Microscopy is a key technology driving biological discovery. Nowadays, microscopy based scientific findings must be substantiated by quantitative image analysis. The discipline concerned with such quantification of biological microscopy images is called bioimage analysis. Dr. Christian Tischer walks us through the main concepts of a typical bioimage analysis workflow. He explains how to quantitatively interpret the content of microscopy images and how to automatically detect objects in images and derive object based measurements. He also emphasizes the importance of visual inspection and quality control of automated image analysis. Finally, he presents an overview of current bioimage analysis tools and communities.
Bioimage analysis (scope and necessity); Image content; Image visualization; Image formation (blur, noise); Image processing (filters); Image restoration (denoising, deblurring); Image segmentation; Object based measurements; Calibrated measurements; Analysis results exploration and quality control; Bioimage analysis tools and communities.
Please read the text and select all the correct answers. Multiple answers can be correct.
- Bioimage analysis can help you to
- automatically analyze large amounts of image data.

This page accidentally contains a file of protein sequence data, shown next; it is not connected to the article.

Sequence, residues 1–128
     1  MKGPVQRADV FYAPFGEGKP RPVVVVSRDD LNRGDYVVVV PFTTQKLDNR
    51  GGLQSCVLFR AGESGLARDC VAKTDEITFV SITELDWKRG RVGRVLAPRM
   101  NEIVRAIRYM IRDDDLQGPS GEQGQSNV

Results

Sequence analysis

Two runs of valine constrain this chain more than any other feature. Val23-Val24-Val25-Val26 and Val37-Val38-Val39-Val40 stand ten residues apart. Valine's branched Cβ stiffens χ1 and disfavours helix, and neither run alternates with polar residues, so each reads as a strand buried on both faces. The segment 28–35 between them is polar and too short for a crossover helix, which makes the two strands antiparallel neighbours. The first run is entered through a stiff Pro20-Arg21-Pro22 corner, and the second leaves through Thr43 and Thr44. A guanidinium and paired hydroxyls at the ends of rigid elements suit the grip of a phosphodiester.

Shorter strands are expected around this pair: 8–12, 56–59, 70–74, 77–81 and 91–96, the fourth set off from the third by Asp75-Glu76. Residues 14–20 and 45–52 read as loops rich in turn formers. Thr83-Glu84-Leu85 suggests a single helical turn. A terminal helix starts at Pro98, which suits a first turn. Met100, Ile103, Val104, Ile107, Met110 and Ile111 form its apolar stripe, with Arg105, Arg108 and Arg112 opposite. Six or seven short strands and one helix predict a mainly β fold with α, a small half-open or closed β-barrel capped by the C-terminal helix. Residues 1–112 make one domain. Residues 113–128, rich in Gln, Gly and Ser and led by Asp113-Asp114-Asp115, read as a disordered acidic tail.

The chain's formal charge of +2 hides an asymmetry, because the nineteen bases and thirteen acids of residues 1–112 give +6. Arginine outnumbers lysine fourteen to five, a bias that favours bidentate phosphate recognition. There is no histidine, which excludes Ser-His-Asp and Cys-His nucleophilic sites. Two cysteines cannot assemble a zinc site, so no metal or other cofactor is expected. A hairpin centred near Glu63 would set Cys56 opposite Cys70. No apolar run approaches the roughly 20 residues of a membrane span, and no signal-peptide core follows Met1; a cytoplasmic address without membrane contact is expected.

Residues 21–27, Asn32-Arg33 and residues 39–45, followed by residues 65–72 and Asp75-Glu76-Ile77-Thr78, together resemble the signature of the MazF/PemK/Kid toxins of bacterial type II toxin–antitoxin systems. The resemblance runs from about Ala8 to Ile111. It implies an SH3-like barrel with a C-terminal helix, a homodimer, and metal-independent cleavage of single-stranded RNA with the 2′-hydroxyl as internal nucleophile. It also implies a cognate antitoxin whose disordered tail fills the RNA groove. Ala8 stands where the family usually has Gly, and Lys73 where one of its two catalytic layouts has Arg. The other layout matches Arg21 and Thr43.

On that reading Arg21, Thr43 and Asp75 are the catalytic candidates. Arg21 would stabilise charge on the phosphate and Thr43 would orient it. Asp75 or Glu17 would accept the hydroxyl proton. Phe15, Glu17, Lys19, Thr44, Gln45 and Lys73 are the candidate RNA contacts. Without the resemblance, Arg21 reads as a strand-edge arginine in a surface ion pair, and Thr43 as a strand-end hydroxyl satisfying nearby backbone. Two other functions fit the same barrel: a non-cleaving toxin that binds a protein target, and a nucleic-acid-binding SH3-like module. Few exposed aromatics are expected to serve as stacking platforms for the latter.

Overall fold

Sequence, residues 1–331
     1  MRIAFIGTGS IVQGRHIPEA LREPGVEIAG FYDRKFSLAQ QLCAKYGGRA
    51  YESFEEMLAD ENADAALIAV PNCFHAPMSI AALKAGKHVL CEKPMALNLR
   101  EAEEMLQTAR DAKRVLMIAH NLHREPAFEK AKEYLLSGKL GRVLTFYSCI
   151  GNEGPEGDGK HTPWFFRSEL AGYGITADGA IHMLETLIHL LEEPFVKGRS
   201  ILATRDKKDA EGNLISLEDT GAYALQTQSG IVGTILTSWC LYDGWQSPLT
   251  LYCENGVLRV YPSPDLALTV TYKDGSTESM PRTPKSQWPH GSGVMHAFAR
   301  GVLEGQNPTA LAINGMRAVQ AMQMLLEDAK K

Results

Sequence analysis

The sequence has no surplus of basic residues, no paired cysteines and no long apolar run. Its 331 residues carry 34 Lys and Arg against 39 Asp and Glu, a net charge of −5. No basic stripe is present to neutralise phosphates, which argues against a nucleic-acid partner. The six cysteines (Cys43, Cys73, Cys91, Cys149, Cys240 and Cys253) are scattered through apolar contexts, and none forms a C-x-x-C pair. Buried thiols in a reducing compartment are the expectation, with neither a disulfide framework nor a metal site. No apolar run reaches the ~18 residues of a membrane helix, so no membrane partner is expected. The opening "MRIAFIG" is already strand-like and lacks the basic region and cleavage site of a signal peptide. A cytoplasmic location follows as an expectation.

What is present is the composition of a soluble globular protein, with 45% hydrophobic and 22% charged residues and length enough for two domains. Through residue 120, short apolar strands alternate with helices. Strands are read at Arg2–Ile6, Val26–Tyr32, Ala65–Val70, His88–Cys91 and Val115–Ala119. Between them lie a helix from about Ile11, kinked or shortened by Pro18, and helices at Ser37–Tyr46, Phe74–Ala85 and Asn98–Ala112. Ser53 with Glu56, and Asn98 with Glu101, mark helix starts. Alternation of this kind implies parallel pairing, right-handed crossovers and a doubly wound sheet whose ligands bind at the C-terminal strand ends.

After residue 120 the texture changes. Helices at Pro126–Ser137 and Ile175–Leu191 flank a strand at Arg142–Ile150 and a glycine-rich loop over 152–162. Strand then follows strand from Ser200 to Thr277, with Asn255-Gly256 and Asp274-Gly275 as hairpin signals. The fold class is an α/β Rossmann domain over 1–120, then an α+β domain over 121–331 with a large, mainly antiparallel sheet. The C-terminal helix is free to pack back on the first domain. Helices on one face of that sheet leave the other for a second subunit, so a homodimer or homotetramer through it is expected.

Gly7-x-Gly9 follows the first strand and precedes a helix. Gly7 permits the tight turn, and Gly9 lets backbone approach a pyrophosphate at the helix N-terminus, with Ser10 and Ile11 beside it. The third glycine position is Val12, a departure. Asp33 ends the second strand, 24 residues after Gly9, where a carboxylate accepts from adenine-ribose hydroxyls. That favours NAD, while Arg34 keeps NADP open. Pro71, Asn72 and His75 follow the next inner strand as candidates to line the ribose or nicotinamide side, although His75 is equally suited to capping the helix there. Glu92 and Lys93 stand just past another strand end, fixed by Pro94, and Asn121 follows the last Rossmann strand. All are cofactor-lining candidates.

- reproducibly extract quantitative information from images.
- quantify the form and structure of cells and organisms.
- The process of detecting objects in images is called
- image restoration.
- image segmentation.
- image registration.
- The discipline of image restoration is concerned with
- measuring intensities in images.
- measuring the shapes of objects in images.
- counteracting limitations inherent to microscopy, such as the diffraction limit.
- The recommended place to ask questions about bioimage analysis is
Christian Tischer studied physics in Heidelberg, followed by Ph.D. at the European Molecular Biology Laboratory (EMBL) with Dr. Philippe Bastiaens working on microscope development and signalling in mammalian cells. Subsequently, he did a postdoc with Dr. Marileen Dogertom at AMOLF in the Netherlands, where he worked on microtubule dynamics. From 2009 until 2018, he worked… Continue Reading